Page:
Ex-anchor of Chas Suda TV show scams MIA general for $23k while in jail
Vladimir Reznik faces a new prison term for fraud.
Vladimir Reznik (Oreshnikov), former Chas Suda (‘Time for Trial’) TV show anchor, investigated for fraud now faces new fraud charges. Valery Nazarov, Reznik's jail cellmate and an MIA Major General, accused Reznik, Rosbalt wrote.
Nazarov claims Reznik made friends with him and took advantage of information Nazarov gave him against Nazarov. Among other things, Nazarov mentioned to Reznik wanting to serve his sentence in Nizhny Tagil prison for former police officers infamous for being 'welcoming' of its inmates. Reznik said he could make it happen if paid enough money, Nazarov claimed.
Reznik then said he had contacted his acquaintances at the Federal Penitentiary Service and asked Nazarov for 1.5 million rubles ($28 thousand). Nazarov's family handed the money.
The Dorogomilovsky District Court gave Nazarov a 3.5-year custodial sentence in spring 2017. However, Nazarov was to serve his sentence in Kirovo-Chepetsk prison, where it is very hard to get permission to be released on parole. That was when Nazarov filed his complaint.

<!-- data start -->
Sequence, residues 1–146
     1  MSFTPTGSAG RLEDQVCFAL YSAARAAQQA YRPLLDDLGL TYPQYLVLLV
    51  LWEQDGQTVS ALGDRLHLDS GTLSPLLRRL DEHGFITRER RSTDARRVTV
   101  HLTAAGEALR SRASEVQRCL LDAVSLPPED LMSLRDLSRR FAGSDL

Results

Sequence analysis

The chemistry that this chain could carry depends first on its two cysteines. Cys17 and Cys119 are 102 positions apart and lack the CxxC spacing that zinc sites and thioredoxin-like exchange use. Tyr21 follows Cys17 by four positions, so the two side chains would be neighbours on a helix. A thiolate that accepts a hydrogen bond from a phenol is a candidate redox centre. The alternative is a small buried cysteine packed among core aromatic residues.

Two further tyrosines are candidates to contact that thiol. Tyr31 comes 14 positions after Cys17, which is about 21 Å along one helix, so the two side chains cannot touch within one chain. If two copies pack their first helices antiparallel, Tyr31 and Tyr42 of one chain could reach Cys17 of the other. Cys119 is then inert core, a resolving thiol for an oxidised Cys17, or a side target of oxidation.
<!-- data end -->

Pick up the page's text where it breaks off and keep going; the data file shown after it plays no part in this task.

It is worth mentioning that Nazarov was also convicted of fraud for promising a Moscow businesswoman to help her avoid prison for 25 million rubles ($395 thousand). However, the police arrested him when he was taking the first 10-million-ruble ($158 thousand) installment.
As for Reznik, the FSB arrested him in October 2011. Back then, his last name was Oreshnikov and he still worked as an attorney. He was accused of having regularly taken large sums of money (more than 20 million rubles or $316 thousand) from his client Sergey Slobodyanik, promising to get him out of trouble with the police. However, he did nothing. Moreover, it turned out then Oreshnikov's law diploma was fake, which got him disbarred.
Oreshnikov served two years and changed his last name to Reznik once out of prison. He scammed another client for 3.6 million ($57 thousand) rubles a while after. The Nagatinsky District Court gave him a 7-year custodial sentence in spring 2018.